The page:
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Ways & Means Responds on Rothification Rumors

Rumors notwithstanding, the House Ways & Means Committee tells the American Retirement Association, the committee has no plans to revisit Rothification as part of the new tax reform discussions.

In response to an earlier post on sister publication NAPA Net regarding the potential for Rothification — limiting the amount of 401(k) contributions that could be made on a pre-tax basis — a spokesman for the Ways & Committee responded: “Chairman Brady continues to advocate for making our tax code more family-friendly including helping future generations save for retirement. The Ways & Means Committee has no plans to revisit the issue of so-called ‘Rothification’ as part of any 2.0 proposals and any rumors to the contrary are simply not correct.”

The post outlined a number of potential impacts on retirement plans and retirement plan incentives as part of a possible “Tax Reform 2.0,” including Rothification, which had been a topic of much concern during the buildup to the Tax Cuts and Jobs Act (TCJA).

Brian Graff, CEO of the American Retirement Association, said, “We very much appreciate Chairman Brady responding to our concerns so promptly and we look forward to working with him on proposals that will strengthen our nation’s retirement system.”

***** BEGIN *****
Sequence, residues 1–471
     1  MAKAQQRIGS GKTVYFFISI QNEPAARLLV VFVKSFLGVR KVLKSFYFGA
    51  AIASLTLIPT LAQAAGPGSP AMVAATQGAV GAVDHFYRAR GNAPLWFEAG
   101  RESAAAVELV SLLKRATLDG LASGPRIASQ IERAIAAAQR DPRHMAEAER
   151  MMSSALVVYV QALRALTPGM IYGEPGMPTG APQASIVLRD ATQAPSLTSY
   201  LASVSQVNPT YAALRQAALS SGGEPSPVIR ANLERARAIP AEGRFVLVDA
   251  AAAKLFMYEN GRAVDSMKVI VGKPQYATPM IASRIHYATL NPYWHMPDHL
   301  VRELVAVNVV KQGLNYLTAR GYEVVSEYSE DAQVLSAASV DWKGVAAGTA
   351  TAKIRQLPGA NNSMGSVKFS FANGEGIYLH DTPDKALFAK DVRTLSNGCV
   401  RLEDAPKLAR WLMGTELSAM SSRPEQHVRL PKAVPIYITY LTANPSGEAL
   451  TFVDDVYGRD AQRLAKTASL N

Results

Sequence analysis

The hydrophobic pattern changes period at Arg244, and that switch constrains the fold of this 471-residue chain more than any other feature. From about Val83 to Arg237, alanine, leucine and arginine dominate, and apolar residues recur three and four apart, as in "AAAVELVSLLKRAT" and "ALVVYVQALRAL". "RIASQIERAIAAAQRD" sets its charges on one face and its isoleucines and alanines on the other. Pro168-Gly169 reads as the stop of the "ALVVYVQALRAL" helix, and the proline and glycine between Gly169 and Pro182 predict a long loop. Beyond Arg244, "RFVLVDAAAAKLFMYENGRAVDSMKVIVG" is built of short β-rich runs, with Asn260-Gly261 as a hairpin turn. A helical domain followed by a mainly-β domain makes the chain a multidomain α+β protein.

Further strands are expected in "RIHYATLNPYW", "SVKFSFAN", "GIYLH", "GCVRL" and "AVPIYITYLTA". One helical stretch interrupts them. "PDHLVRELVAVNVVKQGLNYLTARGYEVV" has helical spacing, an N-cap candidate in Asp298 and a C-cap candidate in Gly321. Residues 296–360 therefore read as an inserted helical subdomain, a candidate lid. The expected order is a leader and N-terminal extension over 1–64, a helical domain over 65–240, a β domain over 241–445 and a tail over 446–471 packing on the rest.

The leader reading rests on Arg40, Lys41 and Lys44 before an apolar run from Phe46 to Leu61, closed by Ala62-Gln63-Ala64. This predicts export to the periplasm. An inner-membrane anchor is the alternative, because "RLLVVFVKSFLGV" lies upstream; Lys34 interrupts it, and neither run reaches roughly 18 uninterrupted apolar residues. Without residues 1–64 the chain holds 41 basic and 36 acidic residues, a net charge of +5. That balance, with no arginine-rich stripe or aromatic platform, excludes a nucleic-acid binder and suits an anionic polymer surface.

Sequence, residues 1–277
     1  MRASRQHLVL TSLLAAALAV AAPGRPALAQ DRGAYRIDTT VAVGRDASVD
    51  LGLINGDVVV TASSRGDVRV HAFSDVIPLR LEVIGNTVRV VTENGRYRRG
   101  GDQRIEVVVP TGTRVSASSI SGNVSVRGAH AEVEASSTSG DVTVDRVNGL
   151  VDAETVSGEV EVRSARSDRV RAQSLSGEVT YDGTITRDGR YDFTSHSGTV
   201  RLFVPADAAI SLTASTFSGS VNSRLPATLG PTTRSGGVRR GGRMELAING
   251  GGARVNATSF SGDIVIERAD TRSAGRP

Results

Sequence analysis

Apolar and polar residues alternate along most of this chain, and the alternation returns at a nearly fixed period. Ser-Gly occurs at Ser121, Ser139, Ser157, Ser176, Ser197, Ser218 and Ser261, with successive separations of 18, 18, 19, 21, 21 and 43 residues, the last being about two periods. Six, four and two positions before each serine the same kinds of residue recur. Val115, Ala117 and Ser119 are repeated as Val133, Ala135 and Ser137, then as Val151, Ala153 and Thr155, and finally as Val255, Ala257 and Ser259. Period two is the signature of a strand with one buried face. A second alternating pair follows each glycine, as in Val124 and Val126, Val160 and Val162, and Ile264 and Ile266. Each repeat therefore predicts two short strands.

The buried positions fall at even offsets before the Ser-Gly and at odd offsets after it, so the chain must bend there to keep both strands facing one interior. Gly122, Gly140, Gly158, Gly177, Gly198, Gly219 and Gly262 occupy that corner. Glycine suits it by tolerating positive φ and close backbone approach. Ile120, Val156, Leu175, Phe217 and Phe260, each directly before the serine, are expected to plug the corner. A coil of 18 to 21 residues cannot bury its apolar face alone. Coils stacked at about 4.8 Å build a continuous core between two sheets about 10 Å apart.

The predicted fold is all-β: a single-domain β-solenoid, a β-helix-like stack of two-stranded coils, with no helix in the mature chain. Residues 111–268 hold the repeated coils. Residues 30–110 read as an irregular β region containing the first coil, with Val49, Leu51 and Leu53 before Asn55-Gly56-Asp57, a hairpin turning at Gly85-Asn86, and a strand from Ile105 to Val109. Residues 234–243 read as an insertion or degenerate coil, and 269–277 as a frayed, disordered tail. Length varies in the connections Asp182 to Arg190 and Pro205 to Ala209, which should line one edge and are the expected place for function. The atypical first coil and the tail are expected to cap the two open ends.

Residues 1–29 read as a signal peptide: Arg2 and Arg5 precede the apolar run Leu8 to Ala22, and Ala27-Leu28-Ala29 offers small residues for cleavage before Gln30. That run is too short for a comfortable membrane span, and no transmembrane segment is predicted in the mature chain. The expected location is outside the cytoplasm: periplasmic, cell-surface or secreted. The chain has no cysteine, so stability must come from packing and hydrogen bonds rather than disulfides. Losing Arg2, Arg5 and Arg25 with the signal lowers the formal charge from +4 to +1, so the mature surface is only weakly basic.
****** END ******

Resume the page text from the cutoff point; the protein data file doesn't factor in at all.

House Ways & Means Committee Chairman Kevin Brady (R-TX) at a June 26 Washington Post event entitled “Tax Reform in America: The Six-Month Report,” said that after the July 4 recess he would be releasing additional tax cut proposals that include retirement savings provisions. Brady said that he expects a legislative outline to be released in early August, and votes on the proposals to be held in the fall depending on the schedule the leadership sets.

Brady said he envisioned a package of two, three or four approaches. They would include provisions would make the Tax Cut and Jobs Act (TCJA) permanent and revisit areas of retirement savings that tax reform did not address.

“We think the time is right to help families save more and earlier in their life, whether it’s for health care or school or for their kids or retirement in the long term — [we’re] thinking through some ideas there,” Brady said.